View Full Version : Star Wars Episode 3: Revenge of the Sith -- Political Subtext

Home - Discussion Forums - News - Reviews - Interviews

New reviews, interviews and news

New in the Discussion Forum

Pages : [1] 2

Brad Smith
May 19th, 2005, 05:58 AM
War! The Republic is crumbling under attacks by the ruthless Sith Lord, Count Dooku. There are heroes on both sides. Evil is everywhere. In a stunning move, the fiendish droid leader, General Grievious, has swept into the Republic capital and kidnapped Chancellor Palpatine, leader of the Galactic Senate. As the Separatist Droid Army attempts to flee the besieged capital with their valuable hostage, two Jedi knights lead a desperate mission to rescue the captive Chancellor.

George Lucas' homage to space opera and Joseph Campbell is fianlly finished (A live-action TV series bridging Episodes 3 and 4 and Clone Wars CGI-animated spin-off will be coming soon). The Phantom Menace took a beating from fans; Attack of the Clones fared slightly better. Personally, I liked both of the earlier films. Jar-Jar Binks never bothered me--hell, if you flashback to 28 years ago, Chewbacca the Wookie was bashed for the very same things.

How good is Revenge of the Sith?

Very good.

It's been rumored that Tom Stoppard and others helped Lucas with the script and Steven Spielberg helped with some scenes. This alleged input has helped to make this episode one of the best since The Empire Strikes Back.

This movie is a bridge to the second trilogy. The white-armored clone troopers now look like Imperial stormtroopers; the Jedi Interceptors have a distinct TIE fighter look to them and the Star Destroyers . . . well, I think that you get the picture.

A friend asked me about the politics of the film. As one story said (http://www.scifi.com/scifiwire2005/index.php?category=3&id=31025):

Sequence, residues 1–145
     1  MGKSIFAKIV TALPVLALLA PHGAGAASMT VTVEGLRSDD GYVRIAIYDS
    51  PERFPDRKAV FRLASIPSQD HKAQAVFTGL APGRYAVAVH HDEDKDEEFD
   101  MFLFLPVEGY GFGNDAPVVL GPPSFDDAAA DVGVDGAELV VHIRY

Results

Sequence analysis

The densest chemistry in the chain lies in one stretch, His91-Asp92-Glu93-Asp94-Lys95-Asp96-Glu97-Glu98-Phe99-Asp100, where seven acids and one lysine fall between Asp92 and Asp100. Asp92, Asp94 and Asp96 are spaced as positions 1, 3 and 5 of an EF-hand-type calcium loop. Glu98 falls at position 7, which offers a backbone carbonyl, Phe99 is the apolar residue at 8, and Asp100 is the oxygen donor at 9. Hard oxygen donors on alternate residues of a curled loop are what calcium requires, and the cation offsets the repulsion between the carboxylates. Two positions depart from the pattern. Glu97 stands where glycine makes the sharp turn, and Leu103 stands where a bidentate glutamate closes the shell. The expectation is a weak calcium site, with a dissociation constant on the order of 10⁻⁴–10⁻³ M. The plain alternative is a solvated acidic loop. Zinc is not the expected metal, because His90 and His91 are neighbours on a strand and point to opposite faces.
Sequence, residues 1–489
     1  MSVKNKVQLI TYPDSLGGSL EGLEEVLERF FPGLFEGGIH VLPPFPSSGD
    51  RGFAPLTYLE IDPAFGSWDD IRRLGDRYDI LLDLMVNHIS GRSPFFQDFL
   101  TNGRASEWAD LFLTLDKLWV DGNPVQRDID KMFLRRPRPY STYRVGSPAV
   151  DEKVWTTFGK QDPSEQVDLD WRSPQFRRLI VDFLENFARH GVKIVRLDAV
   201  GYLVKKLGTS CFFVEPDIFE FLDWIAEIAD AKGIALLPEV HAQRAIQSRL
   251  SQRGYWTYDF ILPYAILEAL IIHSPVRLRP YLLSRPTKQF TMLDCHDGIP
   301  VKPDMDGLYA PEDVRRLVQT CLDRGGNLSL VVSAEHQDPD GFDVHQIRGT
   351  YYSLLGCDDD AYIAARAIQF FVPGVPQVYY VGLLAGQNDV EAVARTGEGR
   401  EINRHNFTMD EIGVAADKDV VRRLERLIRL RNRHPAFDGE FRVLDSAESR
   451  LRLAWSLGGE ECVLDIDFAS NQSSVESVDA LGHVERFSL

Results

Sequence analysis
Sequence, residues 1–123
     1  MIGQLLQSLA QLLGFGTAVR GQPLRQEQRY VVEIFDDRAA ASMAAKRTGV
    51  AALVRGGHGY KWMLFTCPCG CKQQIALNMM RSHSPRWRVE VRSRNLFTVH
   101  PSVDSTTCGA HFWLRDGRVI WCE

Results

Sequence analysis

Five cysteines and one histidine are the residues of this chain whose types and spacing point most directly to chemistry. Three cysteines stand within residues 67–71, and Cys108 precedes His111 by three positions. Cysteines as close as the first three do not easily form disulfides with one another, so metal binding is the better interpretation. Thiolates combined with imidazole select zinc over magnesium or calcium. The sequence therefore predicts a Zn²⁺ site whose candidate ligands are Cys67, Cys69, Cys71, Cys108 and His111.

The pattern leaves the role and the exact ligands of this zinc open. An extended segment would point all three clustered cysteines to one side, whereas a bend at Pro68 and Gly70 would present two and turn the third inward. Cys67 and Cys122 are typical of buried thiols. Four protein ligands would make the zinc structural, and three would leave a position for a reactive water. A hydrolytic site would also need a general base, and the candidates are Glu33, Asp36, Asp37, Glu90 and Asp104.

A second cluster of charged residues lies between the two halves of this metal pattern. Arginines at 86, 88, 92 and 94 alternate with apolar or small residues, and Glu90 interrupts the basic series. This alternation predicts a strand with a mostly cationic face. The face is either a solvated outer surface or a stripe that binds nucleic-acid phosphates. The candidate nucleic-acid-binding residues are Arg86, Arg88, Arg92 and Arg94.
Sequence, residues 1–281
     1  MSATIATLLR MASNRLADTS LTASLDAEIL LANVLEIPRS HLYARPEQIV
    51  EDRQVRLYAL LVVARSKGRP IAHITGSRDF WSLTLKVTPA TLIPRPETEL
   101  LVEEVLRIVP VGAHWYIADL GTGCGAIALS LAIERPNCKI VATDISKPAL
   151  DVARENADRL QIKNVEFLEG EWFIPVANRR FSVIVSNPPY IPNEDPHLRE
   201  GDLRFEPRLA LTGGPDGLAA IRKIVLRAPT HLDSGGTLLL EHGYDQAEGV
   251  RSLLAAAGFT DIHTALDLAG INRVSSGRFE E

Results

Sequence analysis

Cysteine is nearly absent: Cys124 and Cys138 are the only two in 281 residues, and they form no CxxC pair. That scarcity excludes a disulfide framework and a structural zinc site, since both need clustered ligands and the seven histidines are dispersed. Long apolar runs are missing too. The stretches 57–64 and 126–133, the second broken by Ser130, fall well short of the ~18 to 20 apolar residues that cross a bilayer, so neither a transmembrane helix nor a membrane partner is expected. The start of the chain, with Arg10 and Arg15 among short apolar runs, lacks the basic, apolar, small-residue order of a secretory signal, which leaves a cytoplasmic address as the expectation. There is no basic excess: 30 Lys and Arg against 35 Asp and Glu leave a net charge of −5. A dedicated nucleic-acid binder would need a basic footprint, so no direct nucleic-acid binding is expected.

George Lucas, director of the upcoming Star Wars: Episode III—Revenge of the Sith, told reporters at the Cannes Film Festival that he never intended the movie to comment on the current political situation in the real world. Appearing at the European premiere of Episode III, Lucas said that he never thought about the Middle East, George W. Bush or voter fraud when writing the script for the final prequel in the epic space saga.

"When I wrote it [the] Iraq [war] didn't exist," Lucas said. "We were just funding Saddam Hussein and giving him weapons of mass destruction. We didn't think of him as an enemy at that point. We were going after Iran and using him as our surrogate. This really came out of the Vietnam era."

In the prequels, which culminate in Episode III, Lucas said he wanted to explore how a democracy turns into a dictatorship: how it gets "given" away. Back in the mid-1970s, when he first conceived of the Star Wars saga, Lucas said that he "went back into history and began to study a great deal about things like ancient Rome, such as why did the Senate, after killing Caesar, turn around [and] give the government to his nephew? Why did France, after they got rid of the King, turn around and give it to Napoleon? You sort of see these recurring themes, where a democracy turns itself over to a dictator. It always seems to happen kind of in the same way, with the same kinds of issues and threats from the outside and needing more control and a democratic body not being able to function properly because everybody is squabbling and there is corruption. This is seen as you go through history, but I didn't think it was going to get this close. I hope this doesn't come true in America. Maybe the film will awaken people to how dangerous a democracy can be when it's subverted."

There are some interesting lines in the film. When Palpatine declares himself Emperor of the Empire, the New Order meant to insure safety and security throughout the Galaxy, the Senate responds with approval. To which Senator Padme Amidala observes: "This is how liberty dies . . . . With thunderous applause."

During the climatic lightsaber duel, Anakin Skywalker snarls to Obi-Wan Kenobi, "If you're not with me, you're my enemy."